Hardly a month goes by without news of Amazon’s continuing assault on the publishing industry. Nearly two-thirds of all e-books are bought through the online retailer. Its share of all new books sold is 40 percent—a whopping increase from 12 percent in just five years. Peter Hildick-Smith, head of Codex, a leading book-audience research firm, declares that Amazon is “the most powerful book retailer today by far.” Traditional publishers are in an uproar, fearing that the Seattle-based firm will render them obsolete by enabling writers to end-run old-school “gatekeepers” by going directly to readers digitally.
The rise of the Internet was initially seen as a revolutionary boon, transforming a backward carriage trade into a modern engine of knowledge distribution, with a promise of democratizing literacy. Thus was the rise of Jeff Bezos’s Amazon celebrated in many precincts. No longer would readers be hostage to geography; books could be ordered from anywhere and swiftly delivered. Plus, the prices charged were the lowest to be had. Convenience, cost and excellent customer service won millions of readers, happy to throng in Bezos’ big tent.
Two years ago, The Nation took a close look at the behemoth that Amazon had become (see Wasserman, “The Amazon Effect,” June 18, 2012). While big is not always bad, there was much about Amazon that was troubling: its labor practices, for one; its cutthroat business dealings, for another. Bezos once joked that Amazon ought to approach small publishers “the way a cheetah would pursue a sickly gazelle”—a remark, we now learn, that led to an effort inside Amazon dubbed the Gazelle Project, designed to extract concessions from the weakest publishers (it’s since been helpfully renamed the Small Publisher Negotiation Program). Brad Stone’s revelatory book The Everything Store: Jeff Bezos and the Age of Amazon, as well as recent reports in The New Yorker by George Packer and in The New York Review of Books by Steve Coll, echo our original analysis and deepen our worst fears.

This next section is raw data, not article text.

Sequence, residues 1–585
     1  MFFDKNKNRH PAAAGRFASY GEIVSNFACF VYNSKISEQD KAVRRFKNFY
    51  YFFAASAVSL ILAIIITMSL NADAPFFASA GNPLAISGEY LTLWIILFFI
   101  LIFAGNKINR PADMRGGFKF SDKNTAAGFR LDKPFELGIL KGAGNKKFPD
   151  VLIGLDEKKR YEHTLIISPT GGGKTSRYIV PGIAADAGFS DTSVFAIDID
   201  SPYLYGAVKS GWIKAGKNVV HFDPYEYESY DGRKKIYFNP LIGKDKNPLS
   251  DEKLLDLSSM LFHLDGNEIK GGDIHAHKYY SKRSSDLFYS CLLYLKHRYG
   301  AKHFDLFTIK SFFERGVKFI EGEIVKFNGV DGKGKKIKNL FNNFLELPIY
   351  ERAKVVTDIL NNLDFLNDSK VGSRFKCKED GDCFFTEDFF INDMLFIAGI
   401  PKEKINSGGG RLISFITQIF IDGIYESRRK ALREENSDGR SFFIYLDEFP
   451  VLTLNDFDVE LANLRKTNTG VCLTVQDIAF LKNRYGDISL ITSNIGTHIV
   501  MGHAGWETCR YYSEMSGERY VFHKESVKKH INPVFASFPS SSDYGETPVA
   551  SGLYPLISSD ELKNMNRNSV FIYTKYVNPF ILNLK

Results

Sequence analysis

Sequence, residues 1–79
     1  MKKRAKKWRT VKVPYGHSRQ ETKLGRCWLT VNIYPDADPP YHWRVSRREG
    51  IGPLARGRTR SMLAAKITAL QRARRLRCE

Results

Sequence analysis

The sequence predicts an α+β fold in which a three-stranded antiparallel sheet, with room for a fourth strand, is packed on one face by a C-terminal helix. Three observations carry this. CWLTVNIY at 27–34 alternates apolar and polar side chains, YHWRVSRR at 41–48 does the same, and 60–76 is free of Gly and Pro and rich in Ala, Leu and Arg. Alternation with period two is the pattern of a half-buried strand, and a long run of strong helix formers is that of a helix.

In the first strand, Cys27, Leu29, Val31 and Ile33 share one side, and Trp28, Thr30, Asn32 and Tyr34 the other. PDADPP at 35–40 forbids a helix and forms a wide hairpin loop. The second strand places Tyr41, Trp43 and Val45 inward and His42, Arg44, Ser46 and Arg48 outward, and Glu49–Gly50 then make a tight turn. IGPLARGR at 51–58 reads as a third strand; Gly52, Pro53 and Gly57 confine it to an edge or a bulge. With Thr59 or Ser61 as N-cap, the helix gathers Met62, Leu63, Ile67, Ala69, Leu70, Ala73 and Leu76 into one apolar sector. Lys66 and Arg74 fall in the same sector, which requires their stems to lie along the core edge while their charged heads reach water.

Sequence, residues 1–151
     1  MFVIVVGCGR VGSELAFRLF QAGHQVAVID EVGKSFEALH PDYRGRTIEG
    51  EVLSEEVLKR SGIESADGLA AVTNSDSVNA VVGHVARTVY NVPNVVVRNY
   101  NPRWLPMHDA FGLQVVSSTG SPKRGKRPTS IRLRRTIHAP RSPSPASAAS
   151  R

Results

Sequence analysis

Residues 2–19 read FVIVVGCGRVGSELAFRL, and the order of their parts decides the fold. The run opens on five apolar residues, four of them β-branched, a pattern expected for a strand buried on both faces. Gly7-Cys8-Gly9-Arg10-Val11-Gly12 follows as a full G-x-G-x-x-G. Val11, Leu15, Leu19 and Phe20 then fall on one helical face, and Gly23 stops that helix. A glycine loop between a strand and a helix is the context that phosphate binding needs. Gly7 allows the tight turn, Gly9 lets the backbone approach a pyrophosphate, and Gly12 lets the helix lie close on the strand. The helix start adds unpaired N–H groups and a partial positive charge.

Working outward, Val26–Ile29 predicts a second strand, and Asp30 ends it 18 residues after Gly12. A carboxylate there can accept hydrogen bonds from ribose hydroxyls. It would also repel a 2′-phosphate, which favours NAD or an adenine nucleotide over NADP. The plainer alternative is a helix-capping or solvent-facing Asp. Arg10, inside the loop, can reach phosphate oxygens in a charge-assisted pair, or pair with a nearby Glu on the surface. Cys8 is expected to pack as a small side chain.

Today, Amazon so dominates the marketplace that it feels free to bulldoze the competition, dictating terms to suppliers and customers alike. With respect to publishing and bookselling, Amazon is increasingly a vertically integrated company, at once a bookseller, a reviewer, even a publisher, and as such it poses a uniquely disturbing threat. It has achieved a worrying hegemony, having successfully laid siege to traditional bricks-and-mortar bookstores not only in the United States but also in Europe. In Germany, Austria and Switzerland, Amazon has forced the media conglomerate Bertelsmann to shutter its core book clubs and retail stores. Sarah Simon, a media analyst with Berenberg Bank in London, says Bertelsmann’s bookselling business “has been largely superseded by online sales, where Amazon is the market leader.” Amazon is also going after other important publishers like Piper, Carlsen and Ullstein, all owned by the Swedish Bonnier Group. According to a recent report in Der Spiegel, Amazon is demanding that its share of the profit from every e-book sale rise from 30 percent of the retail price to 50 percent. Christian Schumacher-Gebler, the CEO of Bonnier Media Deutschland, worries that “Amazon is undermining our ability to survive.” Amazon is now engaged in a widely reported and increasingly bitter and potentially industry-defining struggle with Hachette, the French company that owns Little, Brown, among other American imprints. As a negotiating tactic to extract higher fees from the firm, it has refused to sell many Hachette titles. Amazon used a similar tactic with Time Warner’s Warner Bros. studio by refusing to take pre-orders for selected movie titles in an effort to get better terms for the sale of movie discs, which it sells for little or no profit in order to compete with stores like Walmart and Best Buy.